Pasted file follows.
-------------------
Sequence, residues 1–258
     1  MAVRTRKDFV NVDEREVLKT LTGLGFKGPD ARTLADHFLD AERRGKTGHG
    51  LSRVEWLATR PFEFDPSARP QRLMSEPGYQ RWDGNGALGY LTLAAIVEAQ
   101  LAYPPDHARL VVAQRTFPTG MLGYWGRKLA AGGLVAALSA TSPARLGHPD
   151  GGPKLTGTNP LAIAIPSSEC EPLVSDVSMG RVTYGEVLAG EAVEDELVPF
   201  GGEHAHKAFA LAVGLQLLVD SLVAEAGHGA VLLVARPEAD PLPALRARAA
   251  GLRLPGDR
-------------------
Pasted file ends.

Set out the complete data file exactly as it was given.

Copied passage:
Sequence, residues 1–258
     1  MAVRTRKDFV NVDEREVLKT LTGLGFKGPD ARTLADHFLD AERRGKTGHG
    51  LSRVEWLATR PFEFDPSARP QRLMSEPGYQ RWDGNGALGY LTLAAIVEAQ
   101  LAYPPDHARL VVAQRTFPTG MLGYWGRKLA AGGLVAALSA TSPARLGHPD
   151  GGPKLTGTNP LAIAIPSSEC EPLVSDVSMG RVTYGEVLAG EAVEDELVPF
   201  GGEHAHKAFA LAVGLQLLVD SLVAEAGHGA VLLVARPEAD PLPALRARAA
   251  GLRLPGDR